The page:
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The oxygen concentrator

  • 5th May, 2021

(Mains GS 3 : Science and Technology: Recent developments and their applications and effects in everyday life)


  • With the demand for medical oxygen continuing unabated and several States struggling to keep pace with demand, the oxygen concentrator has emerged as a sought after device.
  • Unlike medical oxygen sourced from industrial units, which are supplied via cylinders, concentrators are devices that can be operated at home.

When is an oxygen concentrator needed?

  • When blood saturation levels drop below 94%, it could be a sign of respiratory distress.
  • Usually this merits hospitalisation, but due to the surge in COVID-19 cases and oxygen beds in short supply, the device could help those whose saturation levels range between 88-92 if they can’t access hospital services.
  • Any lower would require more intensive oxygenation and any higher would mean that an improvement in lung function can obviate the need for such a device.
    What does a concentrator do?
  • An oxygen concentrator takes in air and separates the oxygen and delivers it into a person via a nasal cannula.
  • Air is 79% nitrogen and 21% oxygen and a concentrator that works by plugging into a source of electricity delivers air that is upto 95% oxygen.
  • In respiratory infections that causes oxygen saturation levels to dip below 90%, having an external device supply pure oxygen eases the burden on the lungs.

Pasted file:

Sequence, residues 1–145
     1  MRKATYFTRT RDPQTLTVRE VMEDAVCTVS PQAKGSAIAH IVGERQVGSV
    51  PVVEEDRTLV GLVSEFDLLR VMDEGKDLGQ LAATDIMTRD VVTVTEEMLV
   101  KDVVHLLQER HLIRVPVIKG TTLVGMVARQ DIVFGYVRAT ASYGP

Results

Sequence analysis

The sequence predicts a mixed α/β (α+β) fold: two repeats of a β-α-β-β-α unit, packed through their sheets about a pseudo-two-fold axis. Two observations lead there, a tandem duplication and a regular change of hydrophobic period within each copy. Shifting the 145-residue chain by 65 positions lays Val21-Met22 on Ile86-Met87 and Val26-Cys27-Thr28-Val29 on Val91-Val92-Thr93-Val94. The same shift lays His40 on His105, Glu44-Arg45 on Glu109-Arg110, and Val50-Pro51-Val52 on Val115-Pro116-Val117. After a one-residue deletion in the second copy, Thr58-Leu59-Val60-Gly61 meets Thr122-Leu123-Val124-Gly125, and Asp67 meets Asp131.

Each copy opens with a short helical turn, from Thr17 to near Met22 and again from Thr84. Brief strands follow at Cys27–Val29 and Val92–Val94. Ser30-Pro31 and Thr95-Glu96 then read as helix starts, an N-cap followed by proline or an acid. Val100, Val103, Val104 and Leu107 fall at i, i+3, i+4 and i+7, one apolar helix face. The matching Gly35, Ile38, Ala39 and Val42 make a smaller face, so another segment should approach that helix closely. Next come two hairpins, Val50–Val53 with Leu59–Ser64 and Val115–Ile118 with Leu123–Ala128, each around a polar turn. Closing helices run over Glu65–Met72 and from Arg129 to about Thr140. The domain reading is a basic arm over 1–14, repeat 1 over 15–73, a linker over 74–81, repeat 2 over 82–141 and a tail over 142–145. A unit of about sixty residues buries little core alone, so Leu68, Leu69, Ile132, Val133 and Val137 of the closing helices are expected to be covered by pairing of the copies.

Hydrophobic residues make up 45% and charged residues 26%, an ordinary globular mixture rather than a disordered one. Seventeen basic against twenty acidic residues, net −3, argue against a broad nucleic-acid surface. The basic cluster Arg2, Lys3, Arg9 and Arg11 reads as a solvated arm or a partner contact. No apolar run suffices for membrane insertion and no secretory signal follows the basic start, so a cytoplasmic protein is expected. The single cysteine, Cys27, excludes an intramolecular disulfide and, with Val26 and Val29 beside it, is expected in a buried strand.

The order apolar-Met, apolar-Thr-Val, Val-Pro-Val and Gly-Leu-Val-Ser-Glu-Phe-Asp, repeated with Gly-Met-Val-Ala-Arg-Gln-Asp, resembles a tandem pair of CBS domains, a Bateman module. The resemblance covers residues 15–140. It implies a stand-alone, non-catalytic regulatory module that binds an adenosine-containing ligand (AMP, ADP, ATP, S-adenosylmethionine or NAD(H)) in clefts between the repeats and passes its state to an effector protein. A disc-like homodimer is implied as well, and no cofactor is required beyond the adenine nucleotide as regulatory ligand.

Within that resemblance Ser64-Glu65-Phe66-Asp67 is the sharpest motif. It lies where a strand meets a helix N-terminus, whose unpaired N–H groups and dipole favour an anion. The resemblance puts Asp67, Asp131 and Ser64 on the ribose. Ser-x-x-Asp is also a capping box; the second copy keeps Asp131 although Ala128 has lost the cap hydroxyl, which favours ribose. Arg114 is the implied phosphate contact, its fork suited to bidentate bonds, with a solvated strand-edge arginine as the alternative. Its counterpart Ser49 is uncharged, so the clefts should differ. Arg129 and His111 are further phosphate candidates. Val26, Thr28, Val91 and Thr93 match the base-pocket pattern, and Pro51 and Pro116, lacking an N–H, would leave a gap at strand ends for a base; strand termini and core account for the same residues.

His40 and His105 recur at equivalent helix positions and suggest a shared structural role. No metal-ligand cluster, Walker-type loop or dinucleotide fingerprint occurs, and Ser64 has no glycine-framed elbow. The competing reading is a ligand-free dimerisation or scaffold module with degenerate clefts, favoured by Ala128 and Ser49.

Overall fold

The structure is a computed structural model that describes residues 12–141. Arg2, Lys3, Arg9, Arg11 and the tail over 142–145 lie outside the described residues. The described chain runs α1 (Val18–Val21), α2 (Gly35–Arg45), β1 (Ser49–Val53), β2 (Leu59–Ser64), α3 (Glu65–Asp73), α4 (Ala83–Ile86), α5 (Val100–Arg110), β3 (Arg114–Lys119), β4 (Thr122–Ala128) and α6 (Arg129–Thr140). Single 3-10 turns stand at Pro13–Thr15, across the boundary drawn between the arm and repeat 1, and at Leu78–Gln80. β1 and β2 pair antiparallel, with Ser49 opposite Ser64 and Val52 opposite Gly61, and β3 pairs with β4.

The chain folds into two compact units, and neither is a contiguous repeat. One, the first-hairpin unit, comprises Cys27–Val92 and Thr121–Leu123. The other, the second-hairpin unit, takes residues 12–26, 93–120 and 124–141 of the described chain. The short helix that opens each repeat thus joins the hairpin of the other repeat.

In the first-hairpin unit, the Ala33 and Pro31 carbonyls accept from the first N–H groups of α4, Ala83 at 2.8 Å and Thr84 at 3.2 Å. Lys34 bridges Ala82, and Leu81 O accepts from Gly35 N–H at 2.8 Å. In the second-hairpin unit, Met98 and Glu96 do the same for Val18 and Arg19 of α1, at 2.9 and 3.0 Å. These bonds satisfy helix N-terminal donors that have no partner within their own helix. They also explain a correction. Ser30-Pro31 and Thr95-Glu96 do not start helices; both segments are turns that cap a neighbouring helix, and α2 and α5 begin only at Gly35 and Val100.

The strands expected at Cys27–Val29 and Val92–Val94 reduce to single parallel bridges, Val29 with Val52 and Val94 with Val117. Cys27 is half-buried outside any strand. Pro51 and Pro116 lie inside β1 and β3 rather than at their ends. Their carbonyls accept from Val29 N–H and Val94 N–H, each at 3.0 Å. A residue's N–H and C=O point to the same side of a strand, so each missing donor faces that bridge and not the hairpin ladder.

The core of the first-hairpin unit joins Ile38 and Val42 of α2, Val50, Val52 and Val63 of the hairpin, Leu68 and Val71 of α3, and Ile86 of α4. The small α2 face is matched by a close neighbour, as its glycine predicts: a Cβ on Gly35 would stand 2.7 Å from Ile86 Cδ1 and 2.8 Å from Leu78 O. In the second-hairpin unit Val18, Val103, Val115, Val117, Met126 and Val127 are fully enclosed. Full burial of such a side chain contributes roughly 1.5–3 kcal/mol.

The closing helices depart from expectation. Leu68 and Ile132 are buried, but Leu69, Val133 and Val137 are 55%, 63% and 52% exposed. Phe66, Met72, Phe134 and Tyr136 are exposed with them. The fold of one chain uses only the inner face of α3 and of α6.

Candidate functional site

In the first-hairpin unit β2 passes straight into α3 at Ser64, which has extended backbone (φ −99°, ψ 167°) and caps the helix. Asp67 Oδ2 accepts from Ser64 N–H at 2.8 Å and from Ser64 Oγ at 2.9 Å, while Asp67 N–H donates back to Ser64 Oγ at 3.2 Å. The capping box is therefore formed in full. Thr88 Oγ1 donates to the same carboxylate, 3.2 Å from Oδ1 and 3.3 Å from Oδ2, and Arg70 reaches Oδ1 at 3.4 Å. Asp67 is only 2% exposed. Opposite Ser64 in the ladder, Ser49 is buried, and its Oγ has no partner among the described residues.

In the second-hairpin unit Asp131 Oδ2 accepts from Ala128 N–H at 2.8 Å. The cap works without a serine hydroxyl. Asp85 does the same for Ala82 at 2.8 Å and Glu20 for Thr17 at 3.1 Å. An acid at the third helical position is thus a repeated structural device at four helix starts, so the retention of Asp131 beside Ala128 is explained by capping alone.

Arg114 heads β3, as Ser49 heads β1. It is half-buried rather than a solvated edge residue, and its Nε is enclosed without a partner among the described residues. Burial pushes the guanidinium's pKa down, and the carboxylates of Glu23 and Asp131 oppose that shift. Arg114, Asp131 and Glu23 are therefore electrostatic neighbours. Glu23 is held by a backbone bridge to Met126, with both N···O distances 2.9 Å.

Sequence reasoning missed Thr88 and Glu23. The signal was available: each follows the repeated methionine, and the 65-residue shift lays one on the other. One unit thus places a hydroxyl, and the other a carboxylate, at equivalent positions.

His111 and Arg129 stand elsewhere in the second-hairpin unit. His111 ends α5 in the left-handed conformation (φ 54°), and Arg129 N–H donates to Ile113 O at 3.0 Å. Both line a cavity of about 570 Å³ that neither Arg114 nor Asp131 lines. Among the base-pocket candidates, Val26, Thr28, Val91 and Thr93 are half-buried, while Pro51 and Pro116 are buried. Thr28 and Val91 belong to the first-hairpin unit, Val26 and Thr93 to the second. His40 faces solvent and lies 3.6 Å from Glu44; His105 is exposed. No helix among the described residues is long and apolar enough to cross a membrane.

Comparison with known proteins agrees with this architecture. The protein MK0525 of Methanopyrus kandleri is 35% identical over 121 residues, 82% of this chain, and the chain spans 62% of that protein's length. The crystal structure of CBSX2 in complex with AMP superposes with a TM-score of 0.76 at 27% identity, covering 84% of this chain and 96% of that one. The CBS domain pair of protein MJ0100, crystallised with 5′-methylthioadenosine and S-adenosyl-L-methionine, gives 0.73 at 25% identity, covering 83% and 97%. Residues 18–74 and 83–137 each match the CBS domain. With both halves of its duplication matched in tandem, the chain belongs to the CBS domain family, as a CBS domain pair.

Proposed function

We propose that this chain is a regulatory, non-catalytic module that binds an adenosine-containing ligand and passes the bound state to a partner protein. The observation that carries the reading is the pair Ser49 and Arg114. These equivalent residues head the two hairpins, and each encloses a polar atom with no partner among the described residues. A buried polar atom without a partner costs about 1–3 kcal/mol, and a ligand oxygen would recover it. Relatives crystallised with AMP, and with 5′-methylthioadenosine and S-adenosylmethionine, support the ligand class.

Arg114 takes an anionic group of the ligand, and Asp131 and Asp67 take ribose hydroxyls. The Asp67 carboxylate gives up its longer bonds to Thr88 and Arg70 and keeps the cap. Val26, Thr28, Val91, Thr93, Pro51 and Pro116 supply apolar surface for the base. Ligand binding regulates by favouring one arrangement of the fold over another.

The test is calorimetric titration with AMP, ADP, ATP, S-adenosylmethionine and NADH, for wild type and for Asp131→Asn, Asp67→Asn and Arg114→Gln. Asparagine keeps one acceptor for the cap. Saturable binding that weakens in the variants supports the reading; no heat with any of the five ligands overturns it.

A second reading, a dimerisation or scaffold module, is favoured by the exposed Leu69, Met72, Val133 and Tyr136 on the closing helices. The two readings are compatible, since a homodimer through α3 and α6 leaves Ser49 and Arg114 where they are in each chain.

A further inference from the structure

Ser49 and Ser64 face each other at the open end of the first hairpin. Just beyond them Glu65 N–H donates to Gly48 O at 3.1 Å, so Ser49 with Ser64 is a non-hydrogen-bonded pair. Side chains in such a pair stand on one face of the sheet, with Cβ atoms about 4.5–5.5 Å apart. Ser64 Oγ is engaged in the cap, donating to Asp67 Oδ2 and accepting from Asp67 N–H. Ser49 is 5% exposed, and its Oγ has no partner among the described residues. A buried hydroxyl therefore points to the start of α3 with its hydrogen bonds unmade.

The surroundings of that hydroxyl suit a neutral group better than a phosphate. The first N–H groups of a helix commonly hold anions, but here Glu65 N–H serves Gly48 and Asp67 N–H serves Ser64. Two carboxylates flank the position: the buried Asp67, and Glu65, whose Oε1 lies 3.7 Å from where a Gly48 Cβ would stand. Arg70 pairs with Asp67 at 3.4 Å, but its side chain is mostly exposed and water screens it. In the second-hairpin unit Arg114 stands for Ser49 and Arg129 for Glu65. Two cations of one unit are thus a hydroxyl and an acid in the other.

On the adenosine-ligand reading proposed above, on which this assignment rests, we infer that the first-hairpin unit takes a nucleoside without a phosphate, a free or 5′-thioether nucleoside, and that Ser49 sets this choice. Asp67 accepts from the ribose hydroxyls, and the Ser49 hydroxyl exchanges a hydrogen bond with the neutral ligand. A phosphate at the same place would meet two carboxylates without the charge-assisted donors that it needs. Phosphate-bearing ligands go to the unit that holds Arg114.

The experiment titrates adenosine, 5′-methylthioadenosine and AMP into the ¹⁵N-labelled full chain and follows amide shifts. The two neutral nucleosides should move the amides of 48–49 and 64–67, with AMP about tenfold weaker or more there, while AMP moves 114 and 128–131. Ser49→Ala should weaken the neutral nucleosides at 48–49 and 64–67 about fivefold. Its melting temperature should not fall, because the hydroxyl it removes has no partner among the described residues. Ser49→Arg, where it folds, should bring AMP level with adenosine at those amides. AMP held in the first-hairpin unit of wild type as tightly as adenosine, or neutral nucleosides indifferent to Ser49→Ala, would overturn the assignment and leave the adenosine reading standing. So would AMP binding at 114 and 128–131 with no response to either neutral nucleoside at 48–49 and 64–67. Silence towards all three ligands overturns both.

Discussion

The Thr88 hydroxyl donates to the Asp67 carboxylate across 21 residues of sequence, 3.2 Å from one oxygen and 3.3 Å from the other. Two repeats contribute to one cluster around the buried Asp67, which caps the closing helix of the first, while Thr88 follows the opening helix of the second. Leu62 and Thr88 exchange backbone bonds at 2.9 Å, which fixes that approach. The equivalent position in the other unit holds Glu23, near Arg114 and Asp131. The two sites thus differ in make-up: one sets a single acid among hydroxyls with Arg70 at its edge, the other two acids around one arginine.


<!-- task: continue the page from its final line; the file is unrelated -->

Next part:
• However in cases of severe respiratory distress, it may be necessary to provide oxygen that is almost 99% pure and an oxygen concentrator is not up to that job.

How does it work?

  • A concentrator consists of a compressor and sieve bed filter.
  • The former squeezes atmospheric air and also adjusts the pressure at which is delivered.
  • The sieve bed is made of a material called Zeolite that separates the nitrogen.
  • There are two sieve beds that work to both release oxygen into a tank that’s connected to the cannula as well as release the separated nitrogen and form a continuous loop that keeps producing fresh oxygen.

Are all concentrators the same?

  • These products come with a variety of specifications.
  • There are those with varying oxygen outputs. For COVID-19 patients, a device with a 5L-10 L output is recommended.
  • What’s important though is that it delivers air that contains at least 90% pure oxygen. The cost of these devices can range from ₹40,000-₹90,000.
  • There are also pulse and continuous flow concentrators where the latter delivers oxygen at a constant rate and the other uses a sensor to deliver a puff of oxygen when a user is about to inhale.

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